Russia's ruble devaluation, just a month after promises of an additional $22.6 billion from the International Monetary Fund (IMF), underscores the fact that the rich nations are rapidly running out of solutions to halt a deepening global economic crisis.
United States officials insist the key, as always, is for the countries in trouble to take the painful reform steps necessary to put their economies back on track. But critics note that, so far, more than $100 billion in bailouts assembled by the IMF for troubled Asian nations, and the additional support for Russia, have not restored confidence.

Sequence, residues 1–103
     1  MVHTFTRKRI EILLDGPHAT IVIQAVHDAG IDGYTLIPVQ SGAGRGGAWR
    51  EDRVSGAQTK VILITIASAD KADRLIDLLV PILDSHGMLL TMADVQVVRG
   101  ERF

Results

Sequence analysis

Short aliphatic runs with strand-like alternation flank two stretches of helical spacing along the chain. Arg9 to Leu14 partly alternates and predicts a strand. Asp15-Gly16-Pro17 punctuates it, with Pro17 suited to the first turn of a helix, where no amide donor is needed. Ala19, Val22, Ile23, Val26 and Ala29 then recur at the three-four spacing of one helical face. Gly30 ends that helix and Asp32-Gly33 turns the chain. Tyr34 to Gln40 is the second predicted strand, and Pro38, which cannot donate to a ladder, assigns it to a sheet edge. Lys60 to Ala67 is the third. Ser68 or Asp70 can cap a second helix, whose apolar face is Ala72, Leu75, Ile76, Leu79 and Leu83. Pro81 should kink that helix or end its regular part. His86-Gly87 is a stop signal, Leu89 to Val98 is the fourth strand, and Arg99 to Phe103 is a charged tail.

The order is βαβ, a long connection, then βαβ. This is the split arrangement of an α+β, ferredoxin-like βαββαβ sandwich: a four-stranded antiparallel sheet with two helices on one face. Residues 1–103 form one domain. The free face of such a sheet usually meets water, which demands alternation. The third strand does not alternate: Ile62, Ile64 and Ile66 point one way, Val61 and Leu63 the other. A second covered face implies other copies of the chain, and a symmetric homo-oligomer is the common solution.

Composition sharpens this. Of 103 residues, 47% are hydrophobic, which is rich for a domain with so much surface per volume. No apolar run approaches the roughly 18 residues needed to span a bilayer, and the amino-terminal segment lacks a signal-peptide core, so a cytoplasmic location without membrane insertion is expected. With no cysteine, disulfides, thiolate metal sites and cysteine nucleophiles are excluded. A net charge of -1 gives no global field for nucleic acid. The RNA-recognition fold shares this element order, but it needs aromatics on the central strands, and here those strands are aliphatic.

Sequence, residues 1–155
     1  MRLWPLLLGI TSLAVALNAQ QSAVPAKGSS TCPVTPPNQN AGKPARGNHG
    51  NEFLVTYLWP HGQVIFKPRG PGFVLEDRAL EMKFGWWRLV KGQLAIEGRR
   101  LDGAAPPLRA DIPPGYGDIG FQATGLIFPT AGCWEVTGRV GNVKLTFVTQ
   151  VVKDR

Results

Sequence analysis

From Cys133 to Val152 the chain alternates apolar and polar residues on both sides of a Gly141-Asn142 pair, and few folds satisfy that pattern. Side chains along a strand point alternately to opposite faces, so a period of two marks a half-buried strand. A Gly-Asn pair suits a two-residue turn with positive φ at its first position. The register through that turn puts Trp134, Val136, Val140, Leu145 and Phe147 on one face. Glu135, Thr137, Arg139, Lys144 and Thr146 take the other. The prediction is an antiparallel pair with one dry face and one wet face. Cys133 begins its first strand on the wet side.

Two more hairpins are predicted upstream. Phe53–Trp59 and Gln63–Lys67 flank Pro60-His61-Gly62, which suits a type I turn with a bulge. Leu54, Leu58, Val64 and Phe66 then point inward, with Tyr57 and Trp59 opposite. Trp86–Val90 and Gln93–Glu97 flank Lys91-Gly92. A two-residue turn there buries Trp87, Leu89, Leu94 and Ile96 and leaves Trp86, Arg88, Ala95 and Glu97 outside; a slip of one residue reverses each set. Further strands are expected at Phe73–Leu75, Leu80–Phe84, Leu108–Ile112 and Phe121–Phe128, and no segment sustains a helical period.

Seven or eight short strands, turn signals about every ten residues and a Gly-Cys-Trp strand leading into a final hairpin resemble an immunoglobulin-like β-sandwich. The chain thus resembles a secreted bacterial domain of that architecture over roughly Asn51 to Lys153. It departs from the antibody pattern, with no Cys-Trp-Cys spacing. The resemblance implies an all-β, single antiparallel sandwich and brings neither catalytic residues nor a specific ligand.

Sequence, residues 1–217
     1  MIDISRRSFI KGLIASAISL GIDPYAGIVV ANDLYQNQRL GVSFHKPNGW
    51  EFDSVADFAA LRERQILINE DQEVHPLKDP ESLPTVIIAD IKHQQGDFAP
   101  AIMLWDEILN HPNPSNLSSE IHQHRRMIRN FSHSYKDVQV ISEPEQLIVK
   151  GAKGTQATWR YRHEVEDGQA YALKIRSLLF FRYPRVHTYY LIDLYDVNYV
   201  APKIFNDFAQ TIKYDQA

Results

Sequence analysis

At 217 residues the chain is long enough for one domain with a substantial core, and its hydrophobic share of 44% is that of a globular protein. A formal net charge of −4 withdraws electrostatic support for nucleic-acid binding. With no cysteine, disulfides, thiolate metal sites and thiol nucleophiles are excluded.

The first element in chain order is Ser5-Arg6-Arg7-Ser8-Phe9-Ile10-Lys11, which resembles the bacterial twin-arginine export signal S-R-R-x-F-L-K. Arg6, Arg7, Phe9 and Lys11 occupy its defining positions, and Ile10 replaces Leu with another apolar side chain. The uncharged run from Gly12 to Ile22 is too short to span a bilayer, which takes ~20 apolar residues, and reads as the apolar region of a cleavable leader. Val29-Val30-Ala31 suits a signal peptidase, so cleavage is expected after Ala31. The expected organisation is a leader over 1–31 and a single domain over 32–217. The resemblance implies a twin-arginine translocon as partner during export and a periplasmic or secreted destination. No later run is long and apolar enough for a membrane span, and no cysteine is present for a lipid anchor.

A growing number of critics contend those economic troubles show that the old-time austerity religion preached by the IMF isn't working. "The whole purpose of an IMF program is to make up for foreign capital that is pulled out of the country," says Lawrence Chimerine, an economist at the Economic Strategy Institute, a Washington think tank. "It is silly to impose higher interest rates that make the domestic economy weaker."
But the Clinton administration continues to insist the only way for countries to restore market confidence is to tighten their belts.